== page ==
There’s usually no way to put a rock song in a movie without it sounding a little clunky. Unless the band is specifically writing a song for the movie in question, sometimes it’s hard to squeeze licensed music into a movie without a bit of creative tension. However, every now and then you hit that sweet spot where everything seems to fall into place.
While not all of these songs lend themselves well to the big screen on paper, it all depends on where they’re placed in the right scene. All of these scenes may have worked wonders on their own, but they became a whole different animal once they added the right song to them. But what exactly are the criteria to make a song like this work?
Well, you have to see if it fits the type of movie first (you can’t really imagine a Radiohead song in a romantic comedy, can you?). You should also consider the lyrical content and whether it has anything to do with what is actually happening on screen. But more than anything, it must be able to leave an impact on you that the scene itself could not have had on its own. If you still have the song ringing in your head every time the scene plays, you know you have a little magic on your hands.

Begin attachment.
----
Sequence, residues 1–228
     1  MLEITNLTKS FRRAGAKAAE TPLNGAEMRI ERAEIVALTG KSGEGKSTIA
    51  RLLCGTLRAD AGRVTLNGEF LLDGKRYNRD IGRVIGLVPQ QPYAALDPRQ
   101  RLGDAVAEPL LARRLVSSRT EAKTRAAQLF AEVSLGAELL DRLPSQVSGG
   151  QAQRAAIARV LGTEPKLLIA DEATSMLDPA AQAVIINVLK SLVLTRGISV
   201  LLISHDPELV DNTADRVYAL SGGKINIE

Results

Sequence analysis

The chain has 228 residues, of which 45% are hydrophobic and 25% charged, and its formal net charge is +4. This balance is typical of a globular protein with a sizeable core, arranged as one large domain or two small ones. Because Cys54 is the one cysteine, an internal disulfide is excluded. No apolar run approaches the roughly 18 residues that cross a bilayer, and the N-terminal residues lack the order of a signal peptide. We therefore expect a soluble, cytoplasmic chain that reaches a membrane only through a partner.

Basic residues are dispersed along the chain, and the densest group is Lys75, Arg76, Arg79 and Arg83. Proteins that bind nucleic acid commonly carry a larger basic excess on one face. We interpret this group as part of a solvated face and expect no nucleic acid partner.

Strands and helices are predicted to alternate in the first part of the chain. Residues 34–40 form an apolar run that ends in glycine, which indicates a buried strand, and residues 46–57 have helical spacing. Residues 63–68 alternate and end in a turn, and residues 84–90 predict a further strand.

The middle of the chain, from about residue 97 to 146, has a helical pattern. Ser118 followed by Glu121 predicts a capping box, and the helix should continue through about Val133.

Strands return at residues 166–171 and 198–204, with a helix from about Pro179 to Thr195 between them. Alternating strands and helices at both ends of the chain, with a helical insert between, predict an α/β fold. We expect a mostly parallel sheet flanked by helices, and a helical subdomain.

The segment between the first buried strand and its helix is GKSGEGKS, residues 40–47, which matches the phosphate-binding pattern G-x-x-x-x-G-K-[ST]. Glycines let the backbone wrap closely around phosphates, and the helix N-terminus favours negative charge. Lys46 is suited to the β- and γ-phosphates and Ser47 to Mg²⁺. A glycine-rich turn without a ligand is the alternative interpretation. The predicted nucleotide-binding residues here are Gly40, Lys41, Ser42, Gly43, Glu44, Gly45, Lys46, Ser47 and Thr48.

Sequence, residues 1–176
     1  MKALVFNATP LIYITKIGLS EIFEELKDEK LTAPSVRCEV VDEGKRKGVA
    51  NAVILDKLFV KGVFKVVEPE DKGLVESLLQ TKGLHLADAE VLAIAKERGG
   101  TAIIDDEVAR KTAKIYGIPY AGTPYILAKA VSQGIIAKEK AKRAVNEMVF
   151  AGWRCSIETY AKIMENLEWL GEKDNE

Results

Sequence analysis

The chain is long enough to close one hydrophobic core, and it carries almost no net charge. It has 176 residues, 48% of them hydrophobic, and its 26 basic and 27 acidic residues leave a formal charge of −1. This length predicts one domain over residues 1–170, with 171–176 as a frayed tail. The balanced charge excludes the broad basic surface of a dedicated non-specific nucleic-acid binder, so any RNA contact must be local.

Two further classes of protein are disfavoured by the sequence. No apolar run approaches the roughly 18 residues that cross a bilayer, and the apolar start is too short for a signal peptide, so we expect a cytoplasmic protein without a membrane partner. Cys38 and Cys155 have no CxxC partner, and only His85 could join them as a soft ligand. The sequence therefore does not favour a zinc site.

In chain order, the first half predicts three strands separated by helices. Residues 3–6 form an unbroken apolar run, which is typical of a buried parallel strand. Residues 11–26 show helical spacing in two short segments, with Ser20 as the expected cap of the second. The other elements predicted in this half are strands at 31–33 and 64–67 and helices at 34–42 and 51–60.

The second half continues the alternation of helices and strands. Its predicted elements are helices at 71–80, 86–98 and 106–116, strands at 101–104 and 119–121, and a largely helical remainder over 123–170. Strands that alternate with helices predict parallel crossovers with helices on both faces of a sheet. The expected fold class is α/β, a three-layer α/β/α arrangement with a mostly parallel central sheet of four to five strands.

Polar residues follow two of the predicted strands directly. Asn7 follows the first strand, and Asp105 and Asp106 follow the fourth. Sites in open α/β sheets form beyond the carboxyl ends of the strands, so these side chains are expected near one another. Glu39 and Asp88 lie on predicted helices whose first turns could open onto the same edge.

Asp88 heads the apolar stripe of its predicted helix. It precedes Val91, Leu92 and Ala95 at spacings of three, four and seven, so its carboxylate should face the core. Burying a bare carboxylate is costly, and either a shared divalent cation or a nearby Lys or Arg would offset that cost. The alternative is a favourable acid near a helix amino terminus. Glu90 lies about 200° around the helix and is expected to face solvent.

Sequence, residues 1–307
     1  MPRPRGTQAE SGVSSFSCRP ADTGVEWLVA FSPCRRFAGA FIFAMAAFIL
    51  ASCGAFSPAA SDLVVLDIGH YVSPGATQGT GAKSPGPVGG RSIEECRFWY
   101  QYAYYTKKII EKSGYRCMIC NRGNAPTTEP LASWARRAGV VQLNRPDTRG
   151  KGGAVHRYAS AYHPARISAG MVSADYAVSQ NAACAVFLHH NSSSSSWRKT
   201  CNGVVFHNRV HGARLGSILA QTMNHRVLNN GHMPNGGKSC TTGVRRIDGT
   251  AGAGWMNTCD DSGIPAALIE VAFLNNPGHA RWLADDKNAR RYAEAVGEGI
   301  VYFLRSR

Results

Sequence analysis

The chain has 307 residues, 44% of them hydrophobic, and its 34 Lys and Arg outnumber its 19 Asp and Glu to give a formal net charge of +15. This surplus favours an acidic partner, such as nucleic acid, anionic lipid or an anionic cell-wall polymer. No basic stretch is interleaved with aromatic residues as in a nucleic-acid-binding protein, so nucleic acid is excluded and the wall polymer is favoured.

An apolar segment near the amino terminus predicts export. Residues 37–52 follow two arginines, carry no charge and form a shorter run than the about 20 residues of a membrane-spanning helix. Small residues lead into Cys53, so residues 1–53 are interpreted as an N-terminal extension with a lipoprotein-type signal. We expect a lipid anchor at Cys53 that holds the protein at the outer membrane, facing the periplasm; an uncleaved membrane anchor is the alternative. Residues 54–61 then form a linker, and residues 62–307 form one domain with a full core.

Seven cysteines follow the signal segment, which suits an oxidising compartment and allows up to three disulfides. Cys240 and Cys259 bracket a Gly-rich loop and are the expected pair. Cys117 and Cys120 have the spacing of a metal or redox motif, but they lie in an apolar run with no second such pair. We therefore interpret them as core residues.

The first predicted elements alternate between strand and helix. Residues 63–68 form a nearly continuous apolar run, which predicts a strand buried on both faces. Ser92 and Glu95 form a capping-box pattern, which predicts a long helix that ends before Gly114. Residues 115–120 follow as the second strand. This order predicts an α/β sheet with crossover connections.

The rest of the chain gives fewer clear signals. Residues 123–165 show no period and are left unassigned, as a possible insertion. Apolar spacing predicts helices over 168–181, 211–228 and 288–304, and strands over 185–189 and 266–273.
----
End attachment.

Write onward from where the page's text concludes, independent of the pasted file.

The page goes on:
Every time you use a licensed song in your movie, you have a small opportunity on your hands. Even though music lovers know the song from listening to it on the radio, it’s the context of the song in the film that makes all the difference. And when you go to the Stealers Wheel stage in Reservoir Dogs, that upbeat little folk tune has been knocked down.
When first released, Stuck in the Middle With You was meant to be this carefree folk tune, taking a few hits in Bob Dylan’s songwriting style and making your head spin when you listened to it. This is a Tarantino movie though, and hearing that over an interrogation scene is just plain disorienting the first time you see it. While we see someone getting their ear cut off by Michael Madsen in the film, you have this song playing in the background, emphasizing how twisted the whole scene is.
It’s not really meant to celebrate the act of cutting off an ear. From the moment the song begins to play, we hear this song from Mr. Blonde’s perspective, as he finds great joy in inflicting pain on this person. Rather, it simply draws you into the world created by Reservoir Dogs. You may be scared to see this kind of chart scene happening, but for Mr. Blonde, it might as well be another Tuesday.